Wednesday, September 28, 2011

Wade Belak

When I heard yesterday that Wade Belak was found dead in Toronto, my reaction was pretty much the same as everyone else's. Seriously, another NHLer dead. This has been an odd off season for the NHL. Never before have they had to deal with this kind of situation. In a matter of three months, two currently players and one recently retired have died. Two within two weeks of each other.

The outpouring of shock from players, coaches, and fans alike was that he seemed to be a happy, upbeat guy who had nothing wrong and was looking forward to the future outside of the NHL. My thoughts, when I heard that he had possibly killed himself, was that how could someone who had two little girls at home not go get help for whatever was eating away at him. I cannot understand that.

I, myself, have entered some dark times in my life. Not dark where I thought of ending it all, but dark in which I didn't want to get out of bed, couldn't see the light at the tunnel, tears constantly, and just in general wondering if it was all worth it. I did tell a few close friends how I was feeling, discussed what was happening with them, and eventually things turned themselves around. I was definitely going to speak to someone should I not feel better soon. So I do understand being depressed and not seeing benefits in a lot of things. But killing yourself, that's not something I understand.

Now everyone is looking for a reason as to why this happened. Why did a man who seemed upbeat, positive, and that he never had a bad day, kill himself and leave his wife and young daughters without him? Some say it's because there is no support for NHLers who are no longer playing. I don't see this as a good "excuse". He retired after the trade deadline when he was waived and not picked up by another team. I doubt he had even had a chance to sense he wasn't playing.

The main reason people are coming up with is the enforcer role on a team. All three players who have died this summer were all enforcers. Georges Laraque came out and said that he did not like having this role and that it bothered him. He also stated in a further interview that enforcers are paid a lesser amount than most, and no longer getting those pay checks is hard. But the thing about the three of them are different. Everyone knew that Derek Boogaard, the first player to die this off season, had addiction problem. He died by mixing prescription drugs and alcohol. Boogaard had surgery, that may have been the start of his drug addiction, but his death was accidental. Could have been nothing more than losing track of how many pills he had and drinking too much.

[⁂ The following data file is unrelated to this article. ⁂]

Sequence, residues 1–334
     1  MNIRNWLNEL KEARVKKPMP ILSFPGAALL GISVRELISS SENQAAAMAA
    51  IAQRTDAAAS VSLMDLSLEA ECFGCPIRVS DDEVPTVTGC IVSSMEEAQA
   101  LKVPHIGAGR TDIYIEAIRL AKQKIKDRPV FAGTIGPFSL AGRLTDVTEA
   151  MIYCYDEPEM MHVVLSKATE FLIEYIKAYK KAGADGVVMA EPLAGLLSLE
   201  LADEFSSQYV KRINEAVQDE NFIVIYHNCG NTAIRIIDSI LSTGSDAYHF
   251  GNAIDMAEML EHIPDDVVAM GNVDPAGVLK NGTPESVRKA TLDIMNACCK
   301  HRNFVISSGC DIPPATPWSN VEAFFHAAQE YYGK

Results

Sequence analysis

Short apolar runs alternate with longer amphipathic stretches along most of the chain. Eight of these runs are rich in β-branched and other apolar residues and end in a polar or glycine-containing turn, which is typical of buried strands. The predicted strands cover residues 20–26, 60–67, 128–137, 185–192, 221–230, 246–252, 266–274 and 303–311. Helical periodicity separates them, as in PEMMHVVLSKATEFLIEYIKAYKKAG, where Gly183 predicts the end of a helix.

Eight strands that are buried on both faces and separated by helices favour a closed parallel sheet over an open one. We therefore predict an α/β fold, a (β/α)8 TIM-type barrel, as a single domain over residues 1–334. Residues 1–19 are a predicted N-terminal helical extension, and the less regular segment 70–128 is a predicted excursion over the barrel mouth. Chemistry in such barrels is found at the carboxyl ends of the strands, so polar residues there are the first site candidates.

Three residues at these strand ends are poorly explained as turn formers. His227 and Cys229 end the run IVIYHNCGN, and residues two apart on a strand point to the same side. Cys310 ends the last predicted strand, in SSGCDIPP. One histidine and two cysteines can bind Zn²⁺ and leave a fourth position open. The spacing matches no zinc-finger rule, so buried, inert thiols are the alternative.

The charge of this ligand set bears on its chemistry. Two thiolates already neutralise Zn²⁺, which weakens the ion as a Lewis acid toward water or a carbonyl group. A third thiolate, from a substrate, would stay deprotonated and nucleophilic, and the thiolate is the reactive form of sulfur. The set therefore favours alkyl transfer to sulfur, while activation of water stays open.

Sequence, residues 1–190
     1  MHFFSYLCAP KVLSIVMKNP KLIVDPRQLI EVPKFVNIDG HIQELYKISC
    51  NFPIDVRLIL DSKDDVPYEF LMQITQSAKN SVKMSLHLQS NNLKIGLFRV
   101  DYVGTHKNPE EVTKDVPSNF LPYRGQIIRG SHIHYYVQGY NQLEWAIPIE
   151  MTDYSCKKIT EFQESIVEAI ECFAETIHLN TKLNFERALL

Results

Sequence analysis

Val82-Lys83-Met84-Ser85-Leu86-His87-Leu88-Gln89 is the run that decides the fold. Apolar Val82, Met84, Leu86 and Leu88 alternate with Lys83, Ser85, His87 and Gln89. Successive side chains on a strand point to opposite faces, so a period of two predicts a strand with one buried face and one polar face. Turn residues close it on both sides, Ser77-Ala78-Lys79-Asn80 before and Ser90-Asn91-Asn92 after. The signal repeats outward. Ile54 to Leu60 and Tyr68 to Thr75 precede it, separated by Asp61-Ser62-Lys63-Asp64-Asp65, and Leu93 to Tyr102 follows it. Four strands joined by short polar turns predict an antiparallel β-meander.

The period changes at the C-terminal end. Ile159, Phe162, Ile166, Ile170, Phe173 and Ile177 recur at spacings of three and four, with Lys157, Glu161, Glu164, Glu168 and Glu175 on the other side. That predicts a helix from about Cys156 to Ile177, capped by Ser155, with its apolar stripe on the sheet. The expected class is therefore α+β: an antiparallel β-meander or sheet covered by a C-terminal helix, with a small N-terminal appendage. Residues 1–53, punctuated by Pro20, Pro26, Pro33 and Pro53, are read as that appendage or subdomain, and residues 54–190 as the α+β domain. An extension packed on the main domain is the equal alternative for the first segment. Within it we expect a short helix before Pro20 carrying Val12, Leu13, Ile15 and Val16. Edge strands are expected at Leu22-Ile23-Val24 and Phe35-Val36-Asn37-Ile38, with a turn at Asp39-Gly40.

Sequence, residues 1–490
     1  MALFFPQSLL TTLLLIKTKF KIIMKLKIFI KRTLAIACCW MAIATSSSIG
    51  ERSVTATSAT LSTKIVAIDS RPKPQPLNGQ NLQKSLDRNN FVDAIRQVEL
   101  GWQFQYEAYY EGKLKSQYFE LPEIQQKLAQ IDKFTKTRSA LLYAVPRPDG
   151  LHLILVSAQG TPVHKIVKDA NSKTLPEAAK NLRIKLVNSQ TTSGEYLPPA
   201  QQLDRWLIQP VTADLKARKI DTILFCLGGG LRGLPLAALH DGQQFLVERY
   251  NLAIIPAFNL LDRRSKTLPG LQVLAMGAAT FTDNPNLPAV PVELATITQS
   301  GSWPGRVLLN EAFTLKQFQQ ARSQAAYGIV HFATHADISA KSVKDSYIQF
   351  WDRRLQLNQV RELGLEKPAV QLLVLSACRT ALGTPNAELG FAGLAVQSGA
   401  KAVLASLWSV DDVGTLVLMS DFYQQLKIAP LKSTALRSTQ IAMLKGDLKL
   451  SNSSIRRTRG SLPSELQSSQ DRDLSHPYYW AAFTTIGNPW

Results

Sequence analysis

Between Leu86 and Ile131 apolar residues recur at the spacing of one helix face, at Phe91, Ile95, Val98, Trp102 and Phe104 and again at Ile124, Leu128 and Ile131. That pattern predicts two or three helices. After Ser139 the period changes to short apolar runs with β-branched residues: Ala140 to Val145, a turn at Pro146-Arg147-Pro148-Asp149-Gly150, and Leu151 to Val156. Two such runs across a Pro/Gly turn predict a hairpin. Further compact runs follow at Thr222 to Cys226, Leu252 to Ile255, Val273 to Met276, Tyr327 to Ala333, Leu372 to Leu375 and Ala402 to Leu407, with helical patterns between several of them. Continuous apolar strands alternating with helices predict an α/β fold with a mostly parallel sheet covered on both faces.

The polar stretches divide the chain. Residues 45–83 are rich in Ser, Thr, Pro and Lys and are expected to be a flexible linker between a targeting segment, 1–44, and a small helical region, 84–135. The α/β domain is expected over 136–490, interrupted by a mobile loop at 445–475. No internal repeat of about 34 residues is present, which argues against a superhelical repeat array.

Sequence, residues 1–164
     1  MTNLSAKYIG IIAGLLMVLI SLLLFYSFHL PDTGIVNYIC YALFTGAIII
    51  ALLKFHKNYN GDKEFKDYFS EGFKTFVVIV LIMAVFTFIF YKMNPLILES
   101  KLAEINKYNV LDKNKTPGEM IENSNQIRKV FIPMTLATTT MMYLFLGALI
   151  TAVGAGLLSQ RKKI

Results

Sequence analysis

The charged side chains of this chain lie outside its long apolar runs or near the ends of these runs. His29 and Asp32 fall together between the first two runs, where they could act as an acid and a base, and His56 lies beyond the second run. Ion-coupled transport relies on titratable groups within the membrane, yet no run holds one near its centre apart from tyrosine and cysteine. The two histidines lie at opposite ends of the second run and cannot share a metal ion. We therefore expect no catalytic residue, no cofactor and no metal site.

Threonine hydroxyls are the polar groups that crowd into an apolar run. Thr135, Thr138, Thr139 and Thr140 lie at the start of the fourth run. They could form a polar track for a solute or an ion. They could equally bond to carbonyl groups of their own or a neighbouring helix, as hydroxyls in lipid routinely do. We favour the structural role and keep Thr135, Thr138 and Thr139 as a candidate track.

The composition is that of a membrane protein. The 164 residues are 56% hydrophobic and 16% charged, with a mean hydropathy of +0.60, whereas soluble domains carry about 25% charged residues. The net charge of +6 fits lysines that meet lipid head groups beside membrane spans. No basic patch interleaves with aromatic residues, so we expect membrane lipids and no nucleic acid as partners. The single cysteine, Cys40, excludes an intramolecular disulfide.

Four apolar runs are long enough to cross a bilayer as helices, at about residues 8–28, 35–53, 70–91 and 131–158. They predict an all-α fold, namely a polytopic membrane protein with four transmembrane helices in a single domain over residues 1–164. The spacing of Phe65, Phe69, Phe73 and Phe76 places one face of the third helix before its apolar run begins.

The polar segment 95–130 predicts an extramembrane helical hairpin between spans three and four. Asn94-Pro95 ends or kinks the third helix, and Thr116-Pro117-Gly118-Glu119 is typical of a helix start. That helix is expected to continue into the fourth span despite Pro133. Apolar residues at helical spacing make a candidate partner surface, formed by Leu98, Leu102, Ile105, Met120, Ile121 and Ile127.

Rick Rypien had a history of depression for the past 10 years. Some say it may have started when his girlfriend was killed in a car crash while playing junior. He had been on leave a few times to deal with depression and a few weeks ago, it seemed to be too much for him and he took his life.

Belak is different than the other two. No one has come out to say they thought anything was wrong. I've read several articles quoting that he seemed to never have a bad day. He made jokes, was a fan favourite and seemed to be an all around nice guy.

Yes the NHL should look into these deaths and see if there is a connection between them being enforcers and their deaths. But I think that these are three separate cases which just happens to involved three men who had similar roles in the NHL. I do hope that something comes of their investigation and that the NHL can find a way to show these men that there is nothing wrong with seeking out help when things look bleak. Seeking help, rather than hurting the people we love, is far better than trying to keep up a macho image.

1 comment:

  1. Finally someone else who seems to think that being an Enforcer had nothing to do with the death. Everyday people from similar industries take their own lives and nothing is made of it. It just so happened that the NHL has a small or (hidden) suicide rate that much was made out of this. The fact that they all were 'enforcers' made it all that more newsworthy.

    Remember last year, Farrah Fawcett, Micheal Jackson and Gary Coleman all died relatively close to each other. It was a big thing, only because Hollywood hadn't lost anyone in a while and three in a row that's a lot. However over the course of the year that's nothing, just like the NHL. People die all the time but when its multiple deaths almost back to back it's suddenly and epidemic. It's not, its just the way things are.

    If they all died of the same cause: a murder then there is a problem a big one, however people kill themselves all the time for a variety of reasons. And to lump the 3 NHL'ers in the same category and reasoning is wrong. Perhaps Wade deeply feared women and to be surrounded by 3 females at home was something he couldn't handle? Who knows.

    The point is, lumping the deaths into one category is wrong. Yes the NHL should re-examine the way they handle psychological problems with players, but sometimes a company can't save the employee from everything including themselves. We as employees (players etc) need to be accountable and learn to help ourselves as well.